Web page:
Conditions > Schizophrenia
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Schizophrenia is a severe mental disorder characterized by retreat from reality (psychosis), hallucinations, delusions, abnormal thought processes and disrupted social functioning. Schizophrenia subtypes include:
- Catatonic schizophrenia (characterized by physical symptoms such as immobility, abnormal postures and frenzied movement)
- Paranoid schizophrenia (characterized by prominent delusions and hallucinations)
- Disorganized [hebephrenic] schizophrenia (characterized by abnormal emotional response, disrupted speech and thought processes)
- Undifferentiated schizophrenia (characterized by a mixture of symptoms from all groups)
Symptoms of schizophrenia fall into two major categories:
- Positive symptoms (e.g. hallucinations, delusions, agitation)
- Negative symptoms (e.g. social withdrawal, cognitive decline, apathy, lack of motivation)
One of the world’s most well known researchers on the nutritional treatment of schizophrenia is Abram Hoffer, MD, PhD, a psychiatrist with a PhD in biochemistry. He is said to have published 550 scientific documents and written 17 books beginning over half a century ago in 1952. Andrew Saul, PhD has made Hoffer's biography and a bibliography of his publications available online. Hoffer’s Curriculum Vitae is also available online. Now 87 years old, Hoffer is currently Editor-in-Chief of the Journal of Orthomolecular Medicine, President of The Huxley Institute (a non-profit schizophrenia research organization), and is still in private practice.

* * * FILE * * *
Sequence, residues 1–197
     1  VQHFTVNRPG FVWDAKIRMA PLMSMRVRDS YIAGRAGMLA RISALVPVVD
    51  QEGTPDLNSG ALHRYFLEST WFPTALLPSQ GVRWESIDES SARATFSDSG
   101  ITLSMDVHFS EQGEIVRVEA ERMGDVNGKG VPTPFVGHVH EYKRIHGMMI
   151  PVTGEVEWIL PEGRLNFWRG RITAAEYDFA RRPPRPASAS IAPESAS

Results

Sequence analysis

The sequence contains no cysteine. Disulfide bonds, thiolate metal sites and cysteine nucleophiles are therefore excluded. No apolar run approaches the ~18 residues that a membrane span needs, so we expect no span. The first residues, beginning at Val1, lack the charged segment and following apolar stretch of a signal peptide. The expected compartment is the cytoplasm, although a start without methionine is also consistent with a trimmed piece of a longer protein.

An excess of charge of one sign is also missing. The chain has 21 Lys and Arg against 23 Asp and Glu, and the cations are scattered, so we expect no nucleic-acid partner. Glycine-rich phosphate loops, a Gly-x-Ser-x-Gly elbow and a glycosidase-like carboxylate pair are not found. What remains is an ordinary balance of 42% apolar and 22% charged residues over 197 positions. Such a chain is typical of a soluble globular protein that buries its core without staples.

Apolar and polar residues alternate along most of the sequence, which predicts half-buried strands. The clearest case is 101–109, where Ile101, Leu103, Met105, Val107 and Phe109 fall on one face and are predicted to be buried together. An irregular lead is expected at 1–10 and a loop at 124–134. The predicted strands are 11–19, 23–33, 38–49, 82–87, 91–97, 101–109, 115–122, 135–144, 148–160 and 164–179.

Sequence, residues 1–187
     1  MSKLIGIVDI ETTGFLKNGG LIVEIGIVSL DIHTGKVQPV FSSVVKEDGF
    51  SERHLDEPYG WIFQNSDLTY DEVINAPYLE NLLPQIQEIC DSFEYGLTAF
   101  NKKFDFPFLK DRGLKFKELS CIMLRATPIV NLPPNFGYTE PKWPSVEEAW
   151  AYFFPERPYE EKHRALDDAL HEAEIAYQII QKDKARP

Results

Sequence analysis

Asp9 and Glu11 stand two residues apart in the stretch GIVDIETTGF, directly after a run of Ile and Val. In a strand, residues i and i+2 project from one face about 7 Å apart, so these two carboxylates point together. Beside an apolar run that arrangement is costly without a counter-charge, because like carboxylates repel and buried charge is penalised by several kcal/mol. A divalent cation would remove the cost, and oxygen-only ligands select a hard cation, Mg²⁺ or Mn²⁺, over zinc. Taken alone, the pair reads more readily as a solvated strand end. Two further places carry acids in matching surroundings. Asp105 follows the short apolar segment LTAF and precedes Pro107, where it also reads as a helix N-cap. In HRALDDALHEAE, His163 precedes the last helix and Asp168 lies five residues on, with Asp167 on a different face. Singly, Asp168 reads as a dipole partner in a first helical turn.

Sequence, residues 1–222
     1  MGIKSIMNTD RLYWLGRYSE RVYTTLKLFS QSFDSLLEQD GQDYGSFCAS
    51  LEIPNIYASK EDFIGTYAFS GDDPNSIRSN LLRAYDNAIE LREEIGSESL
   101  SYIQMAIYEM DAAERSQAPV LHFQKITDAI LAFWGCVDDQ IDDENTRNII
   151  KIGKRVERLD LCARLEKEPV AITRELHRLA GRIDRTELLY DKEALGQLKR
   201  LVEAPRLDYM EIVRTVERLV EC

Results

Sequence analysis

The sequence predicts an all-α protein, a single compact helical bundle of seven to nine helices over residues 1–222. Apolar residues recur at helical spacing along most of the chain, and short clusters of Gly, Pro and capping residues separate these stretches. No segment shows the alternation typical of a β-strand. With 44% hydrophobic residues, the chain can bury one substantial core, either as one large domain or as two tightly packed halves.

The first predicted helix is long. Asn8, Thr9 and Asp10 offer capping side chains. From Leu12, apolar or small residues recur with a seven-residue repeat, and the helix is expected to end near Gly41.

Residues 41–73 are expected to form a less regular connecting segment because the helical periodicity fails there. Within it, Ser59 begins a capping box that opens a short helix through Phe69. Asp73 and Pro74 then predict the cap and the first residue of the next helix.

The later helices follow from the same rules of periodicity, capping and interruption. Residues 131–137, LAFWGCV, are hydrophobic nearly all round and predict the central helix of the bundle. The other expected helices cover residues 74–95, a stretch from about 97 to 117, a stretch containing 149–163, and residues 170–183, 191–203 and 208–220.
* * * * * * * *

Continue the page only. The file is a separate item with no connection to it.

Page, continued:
In 1999 Hoffer published Orthomolecular Treatment for Schizophrenia, which details the nutritional program he developed along with the results achieved after personally working with 4000 schizophrenic patients. His treatment program, as summarized online HERE, claims significant long-term success in treating schizophrenia. His program includes supplementing specific vitamins, minerals & fatty acids, as well as elimination of processed foods, additives and food sensitivities.
Other related books by Hoffer: